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Letter to the Editor
Research Article
Advances in High Energy Physics
Volume 2017, Article ID 1683075, 4 pages
https://doi.org/10.1155/2017/1683075
Letter to the Editor

Response to: Comment on “Does the Equivalence between Gravitational Mass and Energy Survive for a Composite Quantum Body?”

1Department of Physics, University of Arizona, 1118 E. 4th Street, Tucson, AZ 85721, USA
2L. D. Landau Institute for Theoretical Physics, 2 Kosygina Street, Moscow 117334, Russia

Correspondence should be addressed to A. G. Lebed; ude.anozira.scisyhp@debel

Received 28 February 2017; Accepted 31 May 2017; Published 10 October 2017

Academic Editor: Shi-Hai Dong

Copyright © 2017 A. G. Lebed. This is an open access article distributed under the Creative Commons Attribution License, which permits unrestricted use, distribution, and reproduction in any medium, provided the original work is properly cited. The publication of this article was funded by SCOAP3.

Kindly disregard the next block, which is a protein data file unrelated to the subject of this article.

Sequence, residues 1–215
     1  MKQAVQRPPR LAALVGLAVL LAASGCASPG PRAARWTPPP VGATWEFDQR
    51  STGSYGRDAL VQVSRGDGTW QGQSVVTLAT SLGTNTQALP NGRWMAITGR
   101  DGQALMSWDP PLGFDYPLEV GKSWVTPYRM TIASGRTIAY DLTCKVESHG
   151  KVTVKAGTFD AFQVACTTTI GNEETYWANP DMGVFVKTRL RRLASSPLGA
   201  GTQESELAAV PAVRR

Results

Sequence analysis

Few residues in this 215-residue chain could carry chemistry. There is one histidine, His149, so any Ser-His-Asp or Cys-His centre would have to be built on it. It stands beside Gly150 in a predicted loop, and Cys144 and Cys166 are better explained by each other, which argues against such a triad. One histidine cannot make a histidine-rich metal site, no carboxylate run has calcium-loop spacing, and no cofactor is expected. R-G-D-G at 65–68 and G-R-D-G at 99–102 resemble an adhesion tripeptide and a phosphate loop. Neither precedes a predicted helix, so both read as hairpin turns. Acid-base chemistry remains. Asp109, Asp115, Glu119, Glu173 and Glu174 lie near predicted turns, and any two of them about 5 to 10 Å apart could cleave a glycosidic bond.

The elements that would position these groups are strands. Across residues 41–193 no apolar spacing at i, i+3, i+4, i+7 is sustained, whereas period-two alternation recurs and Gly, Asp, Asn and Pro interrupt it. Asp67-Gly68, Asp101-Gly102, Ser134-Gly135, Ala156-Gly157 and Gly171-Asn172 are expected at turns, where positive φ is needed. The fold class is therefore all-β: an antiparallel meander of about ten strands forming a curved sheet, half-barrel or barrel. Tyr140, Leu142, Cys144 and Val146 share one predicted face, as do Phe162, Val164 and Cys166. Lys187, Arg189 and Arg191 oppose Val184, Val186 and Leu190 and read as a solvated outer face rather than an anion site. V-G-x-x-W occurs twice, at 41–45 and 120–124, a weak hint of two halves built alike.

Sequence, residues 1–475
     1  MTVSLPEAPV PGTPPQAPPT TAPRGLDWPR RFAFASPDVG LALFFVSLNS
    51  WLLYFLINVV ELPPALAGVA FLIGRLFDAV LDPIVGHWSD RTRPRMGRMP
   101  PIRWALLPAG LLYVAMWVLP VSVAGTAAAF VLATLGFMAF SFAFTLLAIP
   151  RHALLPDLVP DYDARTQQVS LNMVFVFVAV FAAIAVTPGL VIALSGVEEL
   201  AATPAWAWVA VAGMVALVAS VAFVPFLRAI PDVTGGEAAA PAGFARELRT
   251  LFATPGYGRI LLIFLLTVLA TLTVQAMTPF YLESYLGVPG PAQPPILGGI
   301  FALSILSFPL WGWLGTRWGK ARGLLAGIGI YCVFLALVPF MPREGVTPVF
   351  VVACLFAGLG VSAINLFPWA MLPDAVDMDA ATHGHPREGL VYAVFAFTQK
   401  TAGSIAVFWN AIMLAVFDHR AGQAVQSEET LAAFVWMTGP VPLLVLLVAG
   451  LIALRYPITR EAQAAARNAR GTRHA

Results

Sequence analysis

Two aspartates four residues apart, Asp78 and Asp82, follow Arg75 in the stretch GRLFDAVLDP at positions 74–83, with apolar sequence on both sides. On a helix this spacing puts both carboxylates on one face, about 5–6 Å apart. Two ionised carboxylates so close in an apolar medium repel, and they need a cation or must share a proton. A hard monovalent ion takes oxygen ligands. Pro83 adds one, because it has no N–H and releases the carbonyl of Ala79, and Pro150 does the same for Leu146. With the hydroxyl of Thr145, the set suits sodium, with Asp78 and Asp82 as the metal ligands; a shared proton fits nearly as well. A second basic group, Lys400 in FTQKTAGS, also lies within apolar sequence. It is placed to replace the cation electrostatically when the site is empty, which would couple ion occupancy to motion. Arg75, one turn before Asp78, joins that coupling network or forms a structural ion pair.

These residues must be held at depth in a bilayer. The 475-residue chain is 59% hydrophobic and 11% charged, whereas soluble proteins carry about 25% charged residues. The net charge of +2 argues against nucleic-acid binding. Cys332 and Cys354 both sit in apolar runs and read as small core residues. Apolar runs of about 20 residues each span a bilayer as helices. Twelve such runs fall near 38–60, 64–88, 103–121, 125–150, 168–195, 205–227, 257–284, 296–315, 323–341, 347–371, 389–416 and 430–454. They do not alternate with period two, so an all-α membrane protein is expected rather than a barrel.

Abstract

We have recently shown that both passive and active gravitational masses of a composite body are not equivalent to its energy due to some quantum effects. We have also suggested idealized and more realistic experiments to detect the above-mentioned inequivalence for a passive gravitational mass. The suggested idealized effect is as follows. A spacecraft moves protons of a macroscopic ensemble of hydrogen atoms with constant velocity in the Earth’s gravitational field. Due to nonhomogeneous squeezing of space by the field, electron ground state wave function experiences time-dependent perturbation in each hydrogen atom. This perturbation results in the appearance of a finite probability for an electron to be excited at higher energy levels and to emit a photon. The experimental task is to detect such photons from the ensemble of the atoms. More realistic variants of such experiment can be realized in solid crystals and nuclei, as first mentioned by us. In his recent comment on our paper, Crowell has argued that the effect, suggested by us, contradicts the existing experiments and, in particular, astronomic data. We show here that this conclusion is incorrect and based on the so-called “free fall” experiments, where our effect does not have to be observed.